A history of brands and branding in South Africa uses a narrative of South Africa’s social, economic and political history and consumer culture as a backdrop to the stories of many of our most recognised brands both old and new
With over a thousand pictures and illustrations including advertisements, brand registrations, products, consumer culture and moments in history, many never published before, the book is a colourful and fascinating read. It will be picked up and explored again and again for interesting did-you-knows, but also valuable insights into branding, advertising and intellectual property protection over the years.
Many of the 400-plus brands recorded in this book are over 100 years old. One of these – Groot Constantia, which dates back to 1685, was exporting to Europe as early as the 1700’s. A favourite tipple of Napoleon during his exile on St Helena it was also favoured by King Louis Philippe of France. Google by contrast is a teenager, yet recognised as one of the top four most valuable brands in the world.
The opportunity to build brands moved to another level with the coming of media advertising. Our first newspaper was the bilingual Cape Town Gazette and African Advertiser or Kaapsche Stads Courant en Afrikaansche Berigter, launched on Saturday August 16, 1800. It was owned by slave dealers and privateers Alexander Walker and John Robertson – sole printers to the corrupt Governor Sir George Yong. Space was sold for sixpence a column inch and broked for two or three pence more. Almost 100 years later the first advertising agency, SA Advertising Contractors, was launched in Cape Town in 1899 and continues, after many name and ownership changes to the present day. Brand advertising expenditure in 2010 exceeded 26 billion rand.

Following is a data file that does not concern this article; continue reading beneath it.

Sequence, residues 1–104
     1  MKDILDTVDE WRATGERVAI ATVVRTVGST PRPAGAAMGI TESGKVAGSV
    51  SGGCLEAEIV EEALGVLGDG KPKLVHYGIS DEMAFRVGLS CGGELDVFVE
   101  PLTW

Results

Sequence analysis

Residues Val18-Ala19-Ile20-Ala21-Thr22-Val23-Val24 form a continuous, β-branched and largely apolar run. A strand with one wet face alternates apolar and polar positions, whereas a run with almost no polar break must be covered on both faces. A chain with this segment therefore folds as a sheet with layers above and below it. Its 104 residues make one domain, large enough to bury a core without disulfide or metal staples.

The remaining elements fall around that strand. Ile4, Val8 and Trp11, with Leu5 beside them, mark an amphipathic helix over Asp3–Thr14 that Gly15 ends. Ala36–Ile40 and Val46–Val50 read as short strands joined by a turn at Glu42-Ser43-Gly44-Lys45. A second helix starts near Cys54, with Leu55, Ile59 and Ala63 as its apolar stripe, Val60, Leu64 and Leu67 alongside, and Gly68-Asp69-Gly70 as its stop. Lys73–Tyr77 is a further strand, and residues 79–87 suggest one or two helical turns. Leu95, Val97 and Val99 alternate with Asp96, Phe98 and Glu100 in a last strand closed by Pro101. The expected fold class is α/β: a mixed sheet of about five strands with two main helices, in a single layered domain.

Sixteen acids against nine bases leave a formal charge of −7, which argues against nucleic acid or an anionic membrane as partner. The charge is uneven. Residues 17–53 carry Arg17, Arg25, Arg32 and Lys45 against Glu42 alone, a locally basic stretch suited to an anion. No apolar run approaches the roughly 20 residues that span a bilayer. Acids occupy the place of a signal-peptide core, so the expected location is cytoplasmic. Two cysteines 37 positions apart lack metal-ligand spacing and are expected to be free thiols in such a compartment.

The colourful characters, brands and events that helped shape South Africa and turn it into the democratic commercial powerhouse of Africa are all part of this remarkable story that takes us from Groot Constantia to Google and a world in which branding is recognised as the most significant gift that commerce has ever made to popular culture.